Ultrafast-pulse laser news at the 2016 ASSL conference
While the ASSL conference is not one that I would normally travel to attend, I decided to check it out since it was in the Boston area this time.
The Advanced Solid State Laser (ASSL) conference was held in Boston, MA last week (October 30 – November 3, 2016). This conference, sponsored by the OSA, is one that is located at a variety of places around the world (next year, it is in Nagoya, Japan, and the following year it is back in Boston)—while it is not one that I would normally travel to attend, I decided to check it out since it was in the Boston area this time.
This conference is primarily academic in a sense. The exhibit is pretty small and the attendance is only a few hundred people, but the quality of some of the talks was excellent and it is another venue that is small enough to enable easy interaction with a lot of the attendees on a personal basis.
Dr. Valentin Gapontsev from IPG and Dr. Berthold Schmidt from Trumpf gave invited talks on lasers. Interestingly for me, Dr. Gapontsev mentioned IPG getting into the ultrafast-pulse (UFP; also known as simply ultrafast) laser world. In fact, their ytterbium femtosecond fiber laser has about a 500fs pulse length, 10µJ pulse energy, and 10W of output power at a 1030nm wavelength. These specifications are by no means earth-shattering, but what is potentially interesting is the fact that this product can apparently be made very inexpensively, which will really push the price of UFP laser processing down. They also have a picosecond laser. (More details will be found in my upcoming article in the January/February 2017 issue of ILS.)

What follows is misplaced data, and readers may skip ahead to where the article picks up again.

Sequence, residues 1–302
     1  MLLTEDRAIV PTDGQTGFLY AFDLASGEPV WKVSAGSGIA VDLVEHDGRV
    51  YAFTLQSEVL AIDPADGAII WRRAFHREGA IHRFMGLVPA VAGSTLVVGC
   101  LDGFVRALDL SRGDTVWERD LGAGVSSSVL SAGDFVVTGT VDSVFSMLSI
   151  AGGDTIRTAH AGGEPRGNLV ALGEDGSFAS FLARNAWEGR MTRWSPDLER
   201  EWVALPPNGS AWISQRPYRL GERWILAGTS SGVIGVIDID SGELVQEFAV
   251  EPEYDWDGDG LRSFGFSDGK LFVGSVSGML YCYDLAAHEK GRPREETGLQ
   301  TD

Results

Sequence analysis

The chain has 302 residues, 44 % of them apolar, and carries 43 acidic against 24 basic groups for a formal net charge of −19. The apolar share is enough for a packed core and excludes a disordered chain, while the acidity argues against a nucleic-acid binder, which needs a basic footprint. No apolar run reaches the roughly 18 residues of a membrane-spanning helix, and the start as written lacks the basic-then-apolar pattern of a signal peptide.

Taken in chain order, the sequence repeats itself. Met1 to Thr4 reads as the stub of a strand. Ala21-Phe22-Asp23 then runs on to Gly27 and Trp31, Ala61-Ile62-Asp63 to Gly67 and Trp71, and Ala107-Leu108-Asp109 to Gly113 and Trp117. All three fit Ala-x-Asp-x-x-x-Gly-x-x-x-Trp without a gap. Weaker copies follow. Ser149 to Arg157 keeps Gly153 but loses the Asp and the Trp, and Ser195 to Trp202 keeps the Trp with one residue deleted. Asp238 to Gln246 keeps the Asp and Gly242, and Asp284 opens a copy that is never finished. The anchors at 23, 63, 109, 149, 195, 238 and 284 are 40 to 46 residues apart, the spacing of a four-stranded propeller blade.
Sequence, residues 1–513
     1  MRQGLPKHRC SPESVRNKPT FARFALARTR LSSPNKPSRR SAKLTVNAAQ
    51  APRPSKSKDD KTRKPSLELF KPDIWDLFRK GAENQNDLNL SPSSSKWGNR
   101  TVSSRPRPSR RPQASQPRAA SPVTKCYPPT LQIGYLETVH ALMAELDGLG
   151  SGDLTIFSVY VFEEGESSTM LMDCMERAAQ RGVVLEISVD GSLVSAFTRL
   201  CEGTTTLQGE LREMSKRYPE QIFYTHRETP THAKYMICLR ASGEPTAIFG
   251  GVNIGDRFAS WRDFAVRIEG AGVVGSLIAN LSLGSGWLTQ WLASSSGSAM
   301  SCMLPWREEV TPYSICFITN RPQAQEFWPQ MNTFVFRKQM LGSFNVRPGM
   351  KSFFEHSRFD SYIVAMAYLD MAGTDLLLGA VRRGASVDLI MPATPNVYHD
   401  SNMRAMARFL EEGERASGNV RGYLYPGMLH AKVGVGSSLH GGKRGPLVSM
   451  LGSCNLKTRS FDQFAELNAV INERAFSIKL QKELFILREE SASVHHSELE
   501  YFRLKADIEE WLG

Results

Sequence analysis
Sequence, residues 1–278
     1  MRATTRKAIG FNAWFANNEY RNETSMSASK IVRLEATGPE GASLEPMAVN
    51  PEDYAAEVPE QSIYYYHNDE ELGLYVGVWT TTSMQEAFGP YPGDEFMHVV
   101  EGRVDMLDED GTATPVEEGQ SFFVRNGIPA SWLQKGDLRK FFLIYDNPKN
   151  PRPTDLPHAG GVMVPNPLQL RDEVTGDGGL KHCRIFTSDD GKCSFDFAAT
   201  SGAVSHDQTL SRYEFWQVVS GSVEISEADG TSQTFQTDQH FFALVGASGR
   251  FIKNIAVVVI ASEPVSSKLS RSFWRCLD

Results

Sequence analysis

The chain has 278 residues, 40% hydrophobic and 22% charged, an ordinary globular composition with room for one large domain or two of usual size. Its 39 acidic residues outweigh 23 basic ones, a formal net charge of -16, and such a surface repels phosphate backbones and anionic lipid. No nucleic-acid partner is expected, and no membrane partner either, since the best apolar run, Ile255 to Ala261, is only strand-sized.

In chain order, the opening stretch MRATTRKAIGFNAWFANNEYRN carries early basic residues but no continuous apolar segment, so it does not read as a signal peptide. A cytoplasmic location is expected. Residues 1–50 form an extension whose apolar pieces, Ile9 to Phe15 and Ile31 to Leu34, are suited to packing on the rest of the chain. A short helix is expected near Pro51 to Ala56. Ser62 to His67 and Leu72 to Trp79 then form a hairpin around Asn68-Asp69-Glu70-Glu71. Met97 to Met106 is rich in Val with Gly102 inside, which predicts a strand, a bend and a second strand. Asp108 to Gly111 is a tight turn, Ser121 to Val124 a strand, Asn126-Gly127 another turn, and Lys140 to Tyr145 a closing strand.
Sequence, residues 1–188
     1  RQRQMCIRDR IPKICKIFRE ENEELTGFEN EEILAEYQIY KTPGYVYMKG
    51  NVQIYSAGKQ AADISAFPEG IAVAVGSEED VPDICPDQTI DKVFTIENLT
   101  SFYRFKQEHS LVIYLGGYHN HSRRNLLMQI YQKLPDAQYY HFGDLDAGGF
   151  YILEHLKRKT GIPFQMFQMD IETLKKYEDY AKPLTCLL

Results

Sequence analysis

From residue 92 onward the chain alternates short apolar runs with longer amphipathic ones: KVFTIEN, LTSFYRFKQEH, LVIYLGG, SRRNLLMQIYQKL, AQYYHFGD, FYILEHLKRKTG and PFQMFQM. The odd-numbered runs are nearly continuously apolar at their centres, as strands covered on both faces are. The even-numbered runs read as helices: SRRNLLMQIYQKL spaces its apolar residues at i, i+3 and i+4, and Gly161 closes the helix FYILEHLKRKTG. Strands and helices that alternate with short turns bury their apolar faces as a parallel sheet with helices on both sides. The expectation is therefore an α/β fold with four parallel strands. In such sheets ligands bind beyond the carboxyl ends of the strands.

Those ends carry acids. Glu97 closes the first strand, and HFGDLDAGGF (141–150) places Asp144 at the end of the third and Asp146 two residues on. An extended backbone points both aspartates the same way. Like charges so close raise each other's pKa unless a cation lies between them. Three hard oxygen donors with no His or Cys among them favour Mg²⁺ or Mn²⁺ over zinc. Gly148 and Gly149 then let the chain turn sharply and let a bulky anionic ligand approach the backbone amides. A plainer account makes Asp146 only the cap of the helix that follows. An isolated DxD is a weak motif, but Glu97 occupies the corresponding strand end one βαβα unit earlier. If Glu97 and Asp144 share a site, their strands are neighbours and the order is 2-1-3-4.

I also was interested to learn that TeraDiode has a UV diode laser. The pulse length is pretty long, but it is very interesting nonetheless. The company claims to be doing well and certainly they have shown some very nice applications photos. On the other hand, one of their chief rivals—DirectPhotonics—has had a harder time getting traction and the word is that they are being acquired by II-VI. I will definitely be keeping my eyes on this technology!
Unfortunately, I will not make Fabtech this year, as there is just too much on my schedule—but editor-in-chief David Belforte will be there and available for discussions.
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